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  • Nine months after formally voting to leave the European Union, the United Kingdom has officially set a date to make Brexit official.
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Afghan officials resign after Taliban attack

Afghanistan’s army chief and defence minister have resigned following a Taliban attack on an army base over the weekend that killed more than a 100 people.

The attack, the biggest ever by the Taliban on a military base in Afghanistan, involved multiple attackers and suicide bombers in army uniforms who penetrated the compound of the 209th Corps of the Afghan National Army in northern Balkh province on Friday.

The Taliban claimed responsibility for the assault, which according to some estimates killed over 130 people.

President Ashraf Ghani accepted the resignations of Qadam Shah Shahim, the army chief of staff and Abdullah Habibi, the country’s defence minister, on Monday, according to a statement from the president’s office.

Al Jazeera’s Rob McBride, reporting from Kabul, said they were forced to resign and their positions were “untenable.”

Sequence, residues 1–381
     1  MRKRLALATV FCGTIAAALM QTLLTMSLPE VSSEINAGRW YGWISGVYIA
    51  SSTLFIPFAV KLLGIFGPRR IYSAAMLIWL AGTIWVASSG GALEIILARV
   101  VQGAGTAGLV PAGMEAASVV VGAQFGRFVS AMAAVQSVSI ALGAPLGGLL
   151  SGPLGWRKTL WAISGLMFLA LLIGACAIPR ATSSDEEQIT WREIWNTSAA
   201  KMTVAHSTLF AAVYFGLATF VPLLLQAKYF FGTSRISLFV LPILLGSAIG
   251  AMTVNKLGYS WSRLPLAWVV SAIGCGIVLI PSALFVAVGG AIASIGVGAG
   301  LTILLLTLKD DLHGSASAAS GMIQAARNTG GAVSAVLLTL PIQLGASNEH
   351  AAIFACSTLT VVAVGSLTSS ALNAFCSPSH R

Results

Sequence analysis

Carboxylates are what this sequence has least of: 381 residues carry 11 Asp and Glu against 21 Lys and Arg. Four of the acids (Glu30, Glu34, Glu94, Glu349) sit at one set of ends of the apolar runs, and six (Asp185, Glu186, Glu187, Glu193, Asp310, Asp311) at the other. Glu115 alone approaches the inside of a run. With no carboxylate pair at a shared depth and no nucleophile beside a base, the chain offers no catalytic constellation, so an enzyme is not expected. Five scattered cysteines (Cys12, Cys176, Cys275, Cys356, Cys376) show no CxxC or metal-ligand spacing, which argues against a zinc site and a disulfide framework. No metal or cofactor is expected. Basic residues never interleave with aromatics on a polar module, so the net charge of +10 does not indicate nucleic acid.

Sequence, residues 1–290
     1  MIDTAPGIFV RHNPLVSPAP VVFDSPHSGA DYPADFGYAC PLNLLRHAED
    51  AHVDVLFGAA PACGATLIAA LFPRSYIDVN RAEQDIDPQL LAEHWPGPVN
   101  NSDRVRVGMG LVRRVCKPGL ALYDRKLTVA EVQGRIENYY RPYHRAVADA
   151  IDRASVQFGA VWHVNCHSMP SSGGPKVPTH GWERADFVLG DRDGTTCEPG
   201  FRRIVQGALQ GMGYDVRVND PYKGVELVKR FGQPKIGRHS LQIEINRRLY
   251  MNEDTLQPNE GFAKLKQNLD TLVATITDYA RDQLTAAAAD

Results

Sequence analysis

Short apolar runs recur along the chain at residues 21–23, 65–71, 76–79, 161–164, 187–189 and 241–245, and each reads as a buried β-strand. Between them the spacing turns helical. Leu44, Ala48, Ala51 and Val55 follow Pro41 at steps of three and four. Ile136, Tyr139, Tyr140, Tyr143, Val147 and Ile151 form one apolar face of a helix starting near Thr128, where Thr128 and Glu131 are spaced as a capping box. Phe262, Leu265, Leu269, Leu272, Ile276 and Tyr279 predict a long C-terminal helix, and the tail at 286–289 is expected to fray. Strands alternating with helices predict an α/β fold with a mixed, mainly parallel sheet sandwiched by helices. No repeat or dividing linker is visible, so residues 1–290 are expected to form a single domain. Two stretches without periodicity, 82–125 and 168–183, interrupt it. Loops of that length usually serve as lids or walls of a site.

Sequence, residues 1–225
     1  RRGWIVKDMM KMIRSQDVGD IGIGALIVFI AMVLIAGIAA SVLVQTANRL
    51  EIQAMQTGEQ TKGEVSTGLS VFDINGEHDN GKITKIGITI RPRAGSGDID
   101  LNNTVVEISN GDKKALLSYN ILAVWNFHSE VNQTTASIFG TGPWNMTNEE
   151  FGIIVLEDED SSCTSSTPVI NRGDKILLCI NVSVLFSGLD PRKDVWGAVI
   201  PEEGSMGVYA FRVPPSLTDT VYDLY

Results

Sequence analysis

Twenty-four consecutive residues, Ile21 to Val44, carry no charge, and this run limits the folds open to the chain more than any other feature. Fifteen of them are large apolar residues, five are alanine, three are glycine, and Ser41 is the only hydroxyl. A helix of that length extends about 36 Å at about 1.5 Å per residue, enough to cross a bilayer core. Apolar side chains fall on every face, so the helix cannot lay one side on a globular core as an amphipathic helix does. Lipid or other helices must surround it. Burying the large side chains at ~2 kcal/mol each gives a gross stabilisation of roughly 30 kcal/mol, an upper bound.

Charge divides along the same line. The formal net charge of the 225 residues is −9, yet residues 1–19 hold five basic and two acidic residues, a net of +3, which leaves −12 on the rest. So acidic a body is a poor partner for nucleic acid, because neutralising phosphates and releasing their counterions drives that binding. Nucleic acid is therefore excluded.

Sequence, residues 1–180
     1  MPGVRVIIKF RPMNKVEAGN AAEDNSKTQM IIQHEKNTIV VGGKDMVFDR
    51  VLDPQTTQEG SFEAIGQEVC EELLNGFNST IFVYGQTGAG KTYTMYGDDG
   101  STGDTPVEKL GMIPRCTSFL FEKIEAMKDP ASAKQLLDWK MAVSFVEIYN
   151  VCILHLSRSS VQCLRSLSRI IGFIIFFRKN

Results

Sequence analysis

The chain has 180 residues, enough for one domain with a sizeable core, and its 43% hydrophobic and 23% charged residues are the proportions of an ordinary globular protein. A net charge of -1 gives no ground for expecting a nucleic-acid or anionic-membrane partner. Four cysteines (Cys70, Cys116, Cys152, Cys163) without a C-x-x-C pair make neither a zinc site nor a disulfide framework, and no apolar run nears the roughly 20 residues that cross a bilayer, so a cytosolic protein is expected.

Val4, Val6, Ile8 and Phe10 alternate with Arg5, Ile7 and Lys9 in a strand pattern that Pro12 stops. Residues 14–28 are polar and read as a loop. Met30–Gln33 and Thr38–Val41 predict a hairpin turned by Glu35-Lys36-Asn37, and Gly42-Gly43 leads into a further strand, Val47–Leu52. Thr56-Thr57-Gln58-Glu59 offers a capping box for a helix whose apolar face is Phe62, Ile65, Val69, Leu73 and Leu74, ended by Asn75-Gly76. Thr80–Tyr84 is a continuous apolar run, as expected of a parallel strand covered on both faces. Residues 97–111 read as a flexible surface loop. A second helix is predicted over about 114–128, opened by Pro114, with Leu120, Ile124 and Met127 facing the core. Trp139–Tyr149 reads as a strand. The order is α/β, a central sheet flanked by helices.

“Given the scale of the attack, which has been described as nothing short of a massacre, their have been growing calls on social media, the local media, the streets and even in parliament for both of these men to go,” he said.

“Both of these men were under pressure for a similar attack just over a month ago when infiltrators managed to get inside a hospital and claimed more than 50 lives.”

“The defence minister managed to escape a vote of no-confidence in parliament and narrowly held on to his job. So both men have now taken a logical step.”

IN PICTURES: The Afghans on the frontlines fighting the Taliban

On Sunday, Afghanistan marked a day of national mourning, with memorial services held at mosques and the Afghan flag flying at half-staff on government buildings and offices across the country.

The attack in Balkh raises serious questions about the Afghan military’s capability to stand on its own in the battle against the insurgency following the withdrawal of foreign combat forces at the end of 2014.

“We’re also approaching a sensitive time when the Taliban launches its spring offensive. The military has to be on its guard,” our correspondent said.

“This attack further undermines the military. Their has already been talk about corruption and allegations of poor leadership. This does nothing to strengthen the army at this time.”

The American and other foreign troops remaining in Afghanistan are now mostly acting in an advisory and training role, with some combat assistance.